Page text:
Photo of Jenifer M. Bologna

Jenifer Bologna is a principal in the White Plains, New York, office of Jackson Lewis P.C.

The CDC is now recommending that everyone – including fully vaccinated individuals – wear masks in indoor public settings in all areas with substantial and high transmission of the COVID-19 virus and get tested following exposure to someone with suspected or confirmed COVID-19. The new CDC guidance also recommends universal indoor masking for all teachers,

After releasing an Emergency Temporary Standard (ETS) for COVID-19 for healthcare employers on June 10, 2021, the Occupational Safety and Health Administration (OSHA) has announced that it is publishing the ETS in the Federal Register on June 21, 2021. The publication gives the ETS immediate effect, but most elements of the ETS will not be

Just as you may have been preparing to settle into a relaxing Memorial Day Weekend, the EEOC issued additional informal guidance today concerning COVID-19 vaccination issues. Although there are still many holes to be filled, and employers continue to be left with incomplete guidance, here are some initial highlights and observations:

MANDATING THE VACCINE

In a surprise move today, CDC followed the lead of the various states that have lifted their masking and physical distancing recommendations. However, CDC’s new recommendations come with a twist. The CDC’s recommendations only apply to fully vaccinated people in non-healthcare settings.  Here’s what your business should consider as it decides whether to “unmask.”

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The Biden administration has called for all people at least 18 to be eligible for the COVID-19 vaccine by April 19, 2021. Most states have already done so.

BenefitsPro article cites a 2017 survey from the Society for Human Resource Management (SHRM) that found almost 60 percent of employers offer on-site flu vaccinations.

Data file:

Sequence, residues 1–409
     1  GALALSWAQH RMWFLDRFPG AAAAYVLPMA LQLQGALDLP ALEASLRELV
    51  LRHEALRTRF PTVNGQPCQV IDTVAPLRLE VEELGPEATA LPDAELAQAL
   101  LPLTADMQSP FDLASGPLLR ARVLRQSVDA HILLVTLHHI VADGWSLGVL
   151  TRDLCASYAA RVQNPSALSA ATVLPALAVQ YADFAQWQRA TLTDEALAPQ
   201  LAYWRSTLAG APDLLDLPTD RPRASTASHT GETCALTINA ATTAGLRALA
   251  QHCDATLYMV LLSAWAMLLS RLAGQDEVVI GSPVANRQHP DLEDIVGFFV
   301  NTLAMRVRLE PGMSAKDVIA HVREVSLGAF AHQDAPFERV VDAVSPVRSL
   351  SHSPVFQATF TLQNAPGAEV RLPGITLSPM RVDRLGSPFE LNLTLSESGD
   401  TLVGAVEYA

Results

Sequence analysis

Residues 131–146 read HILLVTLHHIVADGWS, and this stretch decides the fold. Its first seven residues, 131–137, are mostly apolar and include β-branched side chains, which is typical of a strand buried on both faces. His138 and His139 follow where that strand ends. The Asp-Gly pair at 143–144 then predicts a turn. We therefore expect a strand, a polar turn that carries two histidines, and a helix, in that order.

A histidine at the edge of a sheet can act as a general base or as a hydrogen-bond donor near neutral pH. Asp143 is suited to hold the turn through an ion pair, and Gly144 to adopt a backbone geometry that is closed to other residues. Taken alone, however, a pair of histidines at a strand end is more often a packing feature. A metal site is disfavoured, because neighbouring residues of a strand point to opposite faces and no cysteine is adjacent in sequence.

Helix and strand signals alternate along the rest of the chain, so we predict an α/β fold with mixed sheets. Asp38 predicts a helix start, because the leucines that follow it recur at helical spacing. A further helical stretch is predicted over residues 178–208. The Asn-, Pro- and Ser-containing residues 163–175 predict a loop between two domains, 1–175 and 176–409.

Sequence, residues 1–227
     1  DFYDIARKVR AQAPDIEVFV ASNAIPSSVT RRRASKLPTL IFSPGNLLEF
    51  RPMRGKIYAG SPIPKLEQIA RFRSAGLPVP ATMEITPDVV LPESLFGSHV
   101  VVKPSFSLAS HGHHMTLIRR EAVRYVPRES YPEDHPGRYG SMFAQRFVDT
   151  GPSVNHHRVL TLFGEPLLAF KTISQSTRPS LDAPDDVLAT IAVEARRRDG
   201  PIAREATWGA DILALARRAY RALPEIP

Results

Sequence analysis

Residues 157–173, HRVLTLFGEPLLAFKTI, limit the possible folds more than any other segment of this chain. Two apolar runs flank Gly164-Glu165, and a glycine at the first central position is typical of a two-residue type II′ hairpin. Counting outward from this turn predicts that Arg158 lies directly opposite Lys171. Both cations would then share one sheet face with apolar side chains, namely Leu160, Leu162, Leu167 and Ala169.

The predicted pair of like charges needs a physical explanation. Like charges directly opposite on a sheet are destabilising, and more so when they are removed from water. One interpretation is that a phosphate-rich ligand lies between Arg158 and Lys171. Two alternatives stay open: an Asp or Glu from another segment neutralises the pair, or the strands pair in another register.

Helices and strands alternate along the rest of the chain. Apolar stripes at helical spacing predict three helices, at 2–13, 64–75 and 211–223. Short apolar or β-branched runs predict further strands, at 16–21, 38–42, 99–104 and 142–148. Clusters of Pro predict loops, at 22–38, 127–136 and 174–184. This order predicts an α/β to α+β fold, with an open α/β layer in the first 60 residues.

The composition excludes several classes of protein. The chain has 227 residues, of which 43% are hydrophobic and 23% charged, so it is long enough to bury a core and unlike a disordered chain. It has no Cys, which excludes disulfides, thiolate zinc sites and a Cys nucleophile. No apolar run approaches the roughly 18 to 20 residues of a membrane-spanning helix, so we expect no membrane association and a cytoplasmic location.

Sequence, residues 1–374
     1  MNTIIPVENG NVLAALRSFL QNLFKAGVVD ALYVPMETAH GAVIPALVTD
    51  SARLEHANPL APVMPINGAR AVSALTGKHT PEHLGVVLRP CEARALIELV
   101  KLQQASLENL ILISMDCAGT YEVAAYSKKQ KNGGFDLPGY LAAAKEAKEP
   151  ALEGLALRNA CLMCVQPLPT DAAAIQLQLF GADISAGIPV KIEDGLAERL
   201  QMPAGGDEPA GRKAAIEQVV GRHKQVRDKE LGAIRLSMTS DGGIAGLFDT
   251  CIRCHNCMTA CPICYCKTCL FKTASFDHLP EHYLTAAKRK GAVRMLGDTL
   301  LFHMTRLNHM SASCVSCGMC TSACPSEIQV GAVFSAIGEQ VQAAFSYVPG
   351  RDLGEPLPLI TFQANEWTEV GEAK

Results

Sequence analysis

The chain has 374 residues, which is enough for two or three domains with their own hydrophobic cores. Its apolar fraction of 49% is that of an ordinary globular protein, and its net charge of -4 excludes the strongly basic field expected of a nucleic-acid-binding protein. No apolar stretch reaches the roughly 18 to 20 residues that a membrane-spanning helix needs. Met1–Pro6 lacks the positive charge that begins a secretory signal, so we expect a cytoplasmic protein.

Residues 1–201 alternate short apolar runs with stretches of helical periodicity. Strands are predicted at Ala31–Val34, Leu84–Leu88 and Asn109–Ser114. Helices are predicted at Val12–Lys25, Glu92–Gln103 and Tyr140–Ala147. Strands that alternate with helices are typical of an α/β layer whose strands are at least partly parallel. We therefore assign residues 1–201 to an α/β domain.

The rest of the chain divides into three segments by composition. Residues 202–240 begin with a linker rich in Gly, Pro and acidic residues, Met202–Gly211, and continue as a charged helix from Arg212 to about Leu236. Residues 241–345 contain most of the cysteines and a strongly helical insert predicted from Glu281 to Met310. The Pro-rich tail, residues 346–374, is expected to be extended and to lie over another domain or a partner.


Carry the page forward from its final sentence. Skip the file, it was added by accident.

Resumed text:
On March 11, 2021, President Biden signed the American Rescue Plan Act of 2021 (the “Plan”). The Plan is the most recent stimulus bill enacted to address the COVID-19 pandemic and it comes almost one year to the date the first COVID relief bill containing the Families First Coronavirus Response Act (FFCRA) was passed.

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As employers continue to grapple with a safe return to the workplace, the U.S. Centers for Disease Control and Prevention (CDC) issued new guidance for businesses and employers on SARS-CoV-2 testing of employees, as part of a more comprehensive approach to reducing transmission of the virus in non-healthcare workplaces. SARS-CoV-2 is the virus that causes

In March 2020, when Congress passed the Families First Coronavirus Response Act (FFCRA) with a sunset date of December 31, 2020, few anticipated the COVID-19 pandemic would be ongoing into 2021. Several similar state and local laws also sunset at the end of 2020. But the pandemic has not slowed, and requests for COVID-19-related leave

On November 16, 2020, the Center for Disease Control (CDC) clarified its guidance permitting critical infrastructure workers to return to work before the end of the standard 14-day quarantine period following exposure to COVID-19.  In this updated guidance, the CDC reiterated its standard recommendation that all individuals known to be exposed to a person